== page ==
Tying the Basics of BJJ to a Unique and Personal Game
You Cannot Have an Advanced BJJ Game without a Basic One
A common mistake that many make when learning the art of Brazilian Jiu Jitsu (BJJ) they do not investing the proper amount of time on the basics. This is not exclusive to BJJ. Martial artists across the entire spectrum can fall into the trap of ignoring their basics.
Here is some news: this statement is far from a revolutionary one. Virtually anyone that has been in the BJJ game for sometime will agree the basics are the true secret to success in BJJ performance. This is true whether you are a major competitor or a hobbyist simply training for enjoyment.
Again, most people will agree that it is vital to put an enormous amount of time learning basics in order to see an improvement in skill level. The problem for many is that they simply do not actually invest enough linking their favorite aspects of their game to those crucial basics.
The Basics Can Be Interesting
The common complaint about learning basic moves is they are not exactly exciting or all that fun. Honestly, such assessments are based on a lack of depth. There is a lot of unique discoveries that can be made when practicing a scissor sweep or a side control escape. Simply putting the upa and the elbow escape in combination with going to your knees will NEVER become boring or stagnant when your goal is to improve the smoothness of such a move. Again, the boredom factor comes from either not investing a lot of time in learning the nuances of various moves or simply being more interested in learning something else.
Tying the Basics to a Preferred Game
Honestly, there is nothing wrong with learning other aspects of the game. If you want to be an expert in something such as the X Guard, there is no reason to wait forever gain proficiency at it. Now, the X Guard is only being used as one example here. You could substitute a lot of things for the X Guard, but many of the points would be the same.
A well developed, a killer X Guard game could make life miserable for opponents. The problem here is that if you have poor basics (basics being things such as escapes, proper posture, effective movement with no wasted motion and so on), your X Guard is going to suffer.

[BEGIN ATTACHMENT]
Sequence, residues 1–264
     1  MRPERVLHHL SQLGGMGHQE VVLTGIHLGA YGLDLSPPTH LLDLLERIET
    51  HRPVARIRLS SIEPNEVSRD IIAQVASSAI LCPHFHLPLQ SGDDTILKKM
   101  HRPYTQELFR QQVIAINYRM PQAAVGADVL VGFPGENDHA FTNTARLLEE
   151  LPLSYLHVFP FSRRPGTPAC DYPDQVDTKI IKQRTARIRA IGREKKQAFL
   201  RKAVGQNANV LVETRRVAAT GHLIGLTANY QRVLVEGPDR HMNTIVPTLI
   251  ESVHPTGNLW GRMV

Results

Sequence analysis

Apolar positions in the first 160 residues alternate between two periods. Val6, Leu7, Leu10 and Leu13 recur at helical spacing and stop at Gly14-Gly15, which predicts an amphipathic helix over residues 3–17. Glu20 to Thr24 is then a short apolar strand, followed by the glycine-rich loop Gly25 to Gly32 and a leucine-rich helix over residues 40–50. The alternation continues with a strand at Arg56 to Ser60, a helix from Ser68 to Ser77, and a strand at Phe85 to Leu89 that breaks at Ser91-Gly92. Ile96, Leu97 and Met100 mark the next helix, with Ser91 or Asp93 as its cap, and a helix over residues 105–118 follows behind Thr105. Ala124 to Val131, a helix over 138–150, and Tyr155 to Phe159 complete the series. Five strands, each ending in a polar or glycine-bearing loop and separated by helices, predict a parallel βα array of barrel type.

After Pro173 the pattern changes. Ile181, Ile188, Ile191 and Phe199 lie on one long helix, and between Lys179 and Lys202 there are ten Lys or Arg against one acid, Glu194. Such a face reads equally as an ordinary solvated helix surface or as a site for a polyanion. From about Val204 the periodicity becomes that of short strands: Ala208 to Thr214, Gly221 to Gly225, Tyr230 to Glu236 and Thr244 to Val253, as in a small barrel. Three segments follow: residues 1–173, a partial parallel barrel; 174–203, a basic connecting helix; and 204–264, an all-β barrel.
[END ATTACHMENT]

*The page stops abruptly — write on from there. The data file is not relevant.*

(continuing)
The reason for this is because when your basics are weak, your X Guard defaults to being connected to a mediocre Brazilian Jiu Jitsu game. Really, if you are seriously lacking in performance in various areas defined as basic BJJ, making your X Guard work well could be difficult. Why? Your X Guard game cannot exist in a vacuum independent from the rest of what is needed to be a decent BJJ player.
One Option and Not a Great One
The only way you can make it work would be to use a lot of attributes to help you out if your X Guard fails. You could perform a very explosive bridge or use a significant amount of muscle, but you would not be doing BJJ. You be doing some form of submission grappling. For the average person, trying to get buy on attributes and raw strength is really not even an option. The average person just lacks the attributes to make such an approach work. And even for those that do have such natural skills, they will only take some only so far for so long.
This is why a great deal of time has to be spent on working on developing the basic foundational structure of what makes a solid BJJ game.
Returning to the Basics
You could say the best path to take would be to split your training time on the game you are slowly developing that is unique to you and those areas you are most interested in working on between the basic areas of the game. How you split this can actually vary from week to week. Some weeks you might spend more time on one than the other. You can adjust your training priorities based on reflections of your performance during the week. Generally though, if you find yourself having trouble, the solution is either improving your basics or refining the fine points of your unique game.
This is a rather simple path to take, but is one that will help deliver results.
Remember, without a good foundation in the basics, you have no real foundation. You might be able to rep moves with a training partner but, to actually enhance your skill to a decent level, you positively must work on the basics.
More by this Author
Getting better at armbars is never easy, but following a basic training method can help with skill improvement.
The swords born of the Iron Age had a tremendous influence on Asian martial arts and western combat sports.
2000 Man remains one of the more unique songs from the Rolling Stones and it was famously covered by Ace Frehley of Kiss
No comments yet.